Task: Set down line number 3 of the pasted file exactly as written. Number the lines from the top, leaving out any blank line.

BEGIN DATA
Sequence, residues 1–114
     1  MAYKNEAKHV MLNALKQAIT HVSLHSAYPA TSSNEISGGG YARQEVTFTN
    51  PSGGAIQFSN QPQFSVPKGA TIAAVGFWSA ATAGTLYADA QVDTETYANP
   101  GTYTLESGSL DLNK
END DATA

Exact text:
    51  PSGGAIQFSN QPQFSVPKGA TIAAVGFWSA ATAGTLYADA QVDTETYANP